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Tibet Travel Guide

Shigatse & Tashilunpo

Striped cloth woven on loom
Striped cloth
woven on loom

Capital of the Tsang region, Shigatse sits at an elevation of 12,800 ft (3,900 m). To its north, the Drolma Ridge rises steeply, topped by the ruins of the ancient Dzong, once home to the kings of Tsang. Shigatse holds a powerful position in Tibet, and was the capital for a spell during the early 17th century. After Lhasa regained its status, Shigatse continued to hold sway as the home of the Panchen Lama, Tibet’s second most important religious ruler, whose seat is located at Tashilunpo Monastery, the town’s grandest sight. Worth exploring for a day or two, Shigatse is the most comfortable place in Tibet after Lhasa, with decent food and accommodations on offer.

Sigatse City Center

Visitors' checklist

  • 172 miles (278 km) W of Lhasa
  • 75,000
  • Only through travel agency in Lhasa
  • Tashilunpo: 2nd week of 5th lunar month

Shigatse city center

  • Dzong (3)
  • Gang Gyen Carpet Factory (1)
  • Night Market (2)
  • Tashilunpo Monastery (5)
  • Tibetan Market (4)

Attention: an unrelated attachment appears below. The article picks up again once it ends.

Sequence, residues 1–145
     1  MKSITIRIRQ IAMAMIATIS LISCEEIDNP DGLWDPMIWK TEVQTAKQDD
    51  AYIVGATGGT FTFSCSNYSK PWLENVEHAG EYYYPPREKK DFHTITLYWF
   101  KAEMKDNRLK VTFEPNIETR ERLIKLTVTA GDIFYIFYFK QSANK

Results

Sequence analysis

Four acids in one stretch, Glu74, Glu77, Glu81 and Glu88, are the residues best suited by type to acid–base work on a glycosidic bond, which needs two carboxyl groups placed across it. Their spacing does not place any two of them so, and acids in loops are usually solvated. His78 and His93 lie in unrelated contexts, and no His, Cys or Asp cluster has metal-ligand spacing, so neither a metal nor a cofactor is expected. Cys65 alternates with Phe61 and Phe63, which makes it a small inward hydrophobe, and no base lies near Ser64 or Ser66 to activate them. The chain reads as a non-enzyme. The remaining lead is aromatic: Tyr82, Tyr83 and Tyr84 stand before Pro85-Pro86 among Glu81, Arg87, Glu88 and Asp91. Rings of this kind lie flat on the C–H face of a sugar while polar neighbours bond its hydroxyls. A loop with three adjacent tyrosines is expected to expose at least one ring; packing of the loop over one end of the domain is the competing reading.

A group of carpet makers tying richly colored wool into intricate knots
A group of carpet makers tying richly
colored wool into intricate knots

Gang Gyen Carpet Factory

  • Qomolangma Rd.
  • 0891 882 2733
  • 9am–12:30pm & 2:30–7pm Mon–Fri

This factory, where local women produce beautiful carpets, first skeining the wool than weaving it, is the place to come if you are in the market for a Tibetan carpet. The process is sufficiently interesting to warrant a visit even if you have no intention of buying. A project initiated by the 10th Panchen Lama in 1987, the business is part-owned by the monastery. Shipping can be arranged on the premises.

Stall selling religious regalia at the Tibetan Market
Stall selling religious regalia
at the Tibetan Market

Night Market
A small cluster of street food stalls can be found at the corner of Qomolangma Lu and Jiefang Zhong Lu. Chairs and tables, and even the odd sofa, line the sidewalks next to the stalls. Enjoy a large bowl or noodles or a kabob.

The leaders of Tsang once ruled from the mighty fortress of Shigatse Dzong, in the north of town, built in the 14th century by Karma Phuntso Namgyel, a powerful Tsang king. It once resembled a small Potala but was destroyed by the Chinese in 1959 during the Tibetan uprising, and little remains today except the stumps of a few burned walls. You can walk around the Dzong but you can’t enter it. A kora or holy route, marked by prayer flags and mani stones, leads here from the west side of Tashilunpo. Keep your distance from the packs of stray dogs.

Tibetan Market
At the Dzong’s southern base on Tomzigang Lu stands a small Tibetan market selling souvenirs, such as prayer wheels and incense, and a few Tibetan necessities – medicine, legs of lamb, and large knives. Just to the west of the market is an old traditionally Tibetan neighborhood of narrow lanes and tall whitewashed walls.

Tashilunpo Monastery

  • 0891 882 2114